Logical decoding and logical replication is getting more attention in the PostgreSQL world. This means we need it working well alongside production HA systems – and it turns out there’s a problem there. Replication slots are not themselves synced to physical replicas so you can’t continue to use a slot after a master failure results in promotion of a standby.
The failover slots patch changes that, syncing slot creation and updates to physical replica servers such as those maintained with WAL archives or streaming replication. That lets logical decoding clients seamlessly follow a failover promotion and continue replay without losing consistency.
Logical decoding and slots
Introduced in 9.4, logical decoding lets a client stream changes row-by-row in consistent transaction commit order to some receiver – which can be another PostgreSQL instance or your choice of applications like message queues and search engines.
To stream the row data the client connects to a replication slot on the server. The slot makes sure that the server retains the WAL needed for decoding and (for logical slots) also prevents the removal of old versions of system catalog rows that might be needed to understand that WAL.
The failover problem
Most production PostgreSQL deployments rely on streaming replication and/or WAL archive based replication (“physical replication”) as part of their high availability and failover capabilities. Unlike most server state, replication slots are not replicated from a master server to its replicas. When the master fails and a replica is promoted any replication slots from the master are missing. Logical replication clients cannot continue because they have no slot to connect to.
Easy, right? Just create a slot with the same name on the replica.
It’s not that simple. A logical replication slot can only be created with a view of the database history somewhere in the future relative to when it’s created. So if the client wasn’t totally up to date replaying from the slot on the old master, or if it doesn’t create a replacement slot on the new master as the very first thing done on the master, the client will miss out on changes. That’s what slots are meant to prevent and can be a critical problem for some applications.
The two key reasons a slot can’t be created “back in time” are WAL retention and – for logical slots – vacuuming of the system catalogs. We also can’t get a snapshot of the past to export, but that’s only a problem for new client setup. WAL retention is the simplest: the standby might throw away WAL segments corresponding to database changes that a logical decoding client on the master hasn’t yet replayed. If there’s a failover then there’s no way to ever replay those changes to that client. The other issue is catalogs – logical decoding needs the historical definition of tables, types, etc to interpret data in WAL, and to do that it does a sort of MVCC-based time travel using deleted rows. If VACUUM on the master removes those deleted rows and marks the space free for re-use then the standby will replay that change and we can’t make sense of what’s in WAL anymore.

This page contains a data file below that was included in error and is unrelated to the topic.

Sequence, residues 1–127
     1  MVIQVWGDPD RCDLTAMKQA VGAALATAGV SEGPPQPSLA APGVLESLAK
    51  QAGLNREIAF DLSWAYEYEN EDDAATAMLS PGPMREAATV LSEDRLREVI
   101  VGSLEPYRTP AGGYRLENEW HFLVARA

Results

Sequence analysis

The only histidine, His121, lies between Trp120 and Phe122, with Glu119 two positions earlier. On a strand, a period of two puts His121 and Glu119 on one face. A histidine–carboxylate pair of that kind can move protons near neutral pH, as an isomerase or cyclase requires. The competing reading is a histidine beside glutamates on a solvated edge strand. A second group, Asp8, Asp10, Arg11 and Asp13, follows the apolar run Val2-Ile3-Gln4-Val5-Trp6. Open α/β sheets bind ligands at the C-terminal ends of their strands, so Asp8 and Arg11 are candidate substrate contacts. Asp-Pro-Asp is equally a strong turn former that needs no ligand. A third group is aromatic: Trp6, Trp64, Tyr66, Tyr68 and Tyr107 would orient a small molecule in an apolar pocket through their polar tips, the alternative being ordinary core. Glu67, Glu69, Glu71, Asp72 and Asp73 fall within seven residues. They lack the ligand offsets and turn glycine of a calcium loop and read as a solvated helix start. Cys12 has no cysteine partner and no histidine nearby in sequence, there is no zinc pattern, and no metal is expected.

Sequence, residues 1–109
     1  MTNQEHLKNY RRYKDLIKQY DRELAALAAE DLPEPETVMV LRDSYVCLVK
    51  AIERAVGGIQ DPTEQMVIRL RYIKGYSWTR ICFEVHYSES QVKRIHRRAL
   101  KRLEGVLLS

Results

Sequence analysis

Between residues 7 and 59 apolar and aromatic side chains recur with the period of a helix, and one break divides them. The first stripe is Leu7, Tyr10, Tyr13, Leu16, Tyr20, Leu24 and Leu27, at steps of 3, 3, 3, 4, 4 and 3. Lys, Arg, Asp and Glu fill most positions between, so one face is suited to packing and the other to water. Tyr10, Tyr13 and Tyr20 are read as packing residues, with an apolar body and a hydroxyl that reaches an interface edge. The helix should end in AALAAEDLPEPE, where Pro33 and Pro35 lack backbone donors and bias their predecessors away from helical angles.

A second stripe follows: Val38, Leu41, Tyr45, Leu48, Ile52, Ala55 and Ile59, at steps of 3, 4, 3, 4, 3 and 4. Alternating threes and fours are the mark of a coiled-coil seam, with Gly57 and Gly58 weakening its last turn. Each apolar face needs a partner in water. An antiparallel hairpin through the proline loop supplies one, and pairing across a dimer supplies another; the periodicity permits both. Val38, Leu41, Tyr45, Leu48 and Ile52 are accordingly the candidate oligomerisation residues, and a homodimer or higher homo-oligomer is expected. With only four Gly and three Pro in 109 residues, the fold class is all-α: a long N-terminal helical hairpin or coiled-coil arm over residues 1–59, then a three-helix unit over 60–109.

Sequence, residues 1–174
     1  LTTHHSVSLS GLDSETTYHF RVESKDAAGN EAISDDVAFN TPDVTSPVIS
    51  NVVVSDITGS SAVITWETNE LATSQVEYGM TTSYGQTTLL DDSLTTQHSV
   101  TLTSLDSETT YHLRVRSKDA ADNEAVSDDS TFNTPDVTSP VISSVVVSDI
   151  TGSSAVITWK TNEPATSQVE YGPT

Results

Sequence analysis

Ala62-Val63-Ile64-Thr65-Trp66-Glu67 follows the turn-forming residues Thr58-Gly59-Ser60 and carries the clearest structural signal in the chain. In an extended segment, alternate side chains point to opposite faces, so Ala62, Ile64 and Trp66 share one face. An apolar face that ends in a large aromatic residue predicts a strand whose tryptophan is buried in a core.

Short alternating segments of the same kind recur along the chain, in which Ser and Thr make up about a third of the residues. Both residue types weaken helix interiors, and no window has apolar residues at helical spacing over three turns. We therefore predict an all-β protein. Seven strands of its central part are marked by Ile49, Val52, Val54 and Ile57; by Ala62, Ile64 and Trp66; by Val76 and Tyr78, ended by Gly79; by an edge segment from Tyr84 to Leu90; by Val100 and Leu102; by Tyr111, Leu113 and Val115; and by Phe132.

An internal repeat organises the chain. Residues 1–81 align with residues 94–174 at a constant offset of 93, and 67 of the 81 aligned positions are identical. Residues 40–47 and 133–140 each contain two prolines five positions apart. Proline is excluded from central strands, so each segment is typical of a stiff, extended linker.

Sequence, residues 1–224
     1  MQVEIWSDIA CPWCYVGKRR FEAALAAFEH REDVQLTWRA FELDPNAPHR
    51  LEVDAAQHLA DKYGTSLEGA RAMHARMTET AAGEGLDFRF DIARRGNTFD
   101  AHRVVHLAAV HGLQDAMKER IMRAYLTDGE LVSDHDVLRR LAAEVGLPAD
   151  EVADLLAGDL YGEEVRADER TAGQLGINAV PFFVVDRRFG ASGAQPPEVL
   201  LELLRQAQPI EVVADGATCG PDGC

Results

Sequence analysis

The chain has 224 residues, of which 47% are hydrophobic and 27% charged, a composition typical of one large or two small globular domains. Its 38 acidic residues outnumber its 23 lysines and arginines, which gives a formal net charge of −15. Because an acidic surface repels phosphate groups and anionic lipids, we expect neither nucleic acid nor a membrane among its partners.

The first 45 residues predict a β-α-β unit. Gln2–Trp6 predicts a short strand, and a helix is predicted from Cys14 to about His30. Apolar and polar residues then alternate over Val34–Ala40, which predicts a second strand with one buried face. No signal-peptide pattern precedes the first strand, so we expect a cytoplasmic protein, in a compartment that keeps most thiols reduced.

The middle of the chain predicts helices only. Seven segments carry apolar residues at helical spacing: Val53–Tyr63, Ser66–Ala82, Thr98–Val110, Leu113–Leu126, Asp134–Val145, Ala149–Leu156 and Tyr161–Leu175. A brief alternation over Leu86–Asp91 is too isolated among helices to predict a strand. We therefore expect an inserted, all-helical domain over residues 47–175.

Failover slots address these issues by synchronizing slot creation, deletion and position updates to replica servers. This is done through the WAL stream like everything else. If a slot is created as a failover slot using the new failover boolean option to pg_create_logical_replication_slot then its creation is logged in WAL. So are subsequent position updates when the client tells the server it can free no-longer-needed resources.
If the master fails and a standby is promoted, logical decoding clients can just reconnect to the standby and carry on as if nothing had happened. If a DNS update or IP swap is done along with the promotion the logical decoding client might not even notice it’s anything more than a master restart.
What about physical slots?
PostgreSQL’s block-level (“physical”) replication also has replication slots. They can be used to pin WAL retention, providing a finer-grained mechanism than wal_keep_segments at the cost of also being unbounded.
A physical failover slot can be created, just like a logical failover slot.
Does this mean pglogical can be used to fail over to a logical replica?
Failover slots do not aid logical replication solutions in supporting failover to a logical replica. They exist to allow logical replication to follow a physical failover.
Supporting failover to a logical replica is a completely unrelated matter. There are a number of limitations in PostgreSQL core that are relevant to it, like the currently missing support for logical decoding of sequence position advances. Failover slots will neither help nor hinder there. What they do is provide a way to integrate logical replication into HA solutions now, into existing mature and established infrastructure patterns.